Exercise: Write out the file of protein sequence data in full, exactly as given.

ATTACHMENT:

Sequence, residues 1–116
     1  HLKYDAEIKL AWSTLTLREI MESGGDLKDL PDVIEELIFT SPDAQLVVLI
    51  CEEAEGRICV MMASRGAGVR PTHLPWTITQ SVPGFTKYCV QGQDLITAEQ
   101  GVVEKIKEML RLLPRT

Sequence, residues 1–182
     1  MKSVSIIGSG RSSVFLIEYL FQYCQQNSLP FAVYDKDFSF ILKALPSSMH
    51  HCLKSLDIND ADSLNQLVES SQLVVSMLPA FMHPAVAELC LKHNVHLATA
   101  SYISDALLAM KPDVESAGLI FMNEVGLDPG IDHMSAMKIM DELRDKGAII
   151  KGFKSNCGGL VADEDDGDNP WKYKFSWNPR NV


Sequence, residues 1–116
     1  HLKYDAEIKL AWSTLTLREI MESGGDLKDL PDVIEELIFT SPDAQLVVLI
    51  CEEAEGRICV MMASRGAGVR PTHLPWTITQ SVPGFTKYCV QGQDLITAEQ
   101  GVVEKIKEML RLLPRT

Sequence, residues 1–182
     1  MKSVSIIGSG RSSVFLIEYL FQYCQQNSLP FAVYDKDFSF ILKALPSSMH
    51  HCLKSLDIND ADSLNQLVES SQLVVSMLPA FMHPAVAELC LKHNVHLATA
   101  SYISDALLAM KPDVESAGLI FMNEVGLDPG IDHMSAMKIM DELRDKGAII
   151  KGFKSNCGGL VADEDDGDNP WKYKFSWNPR NV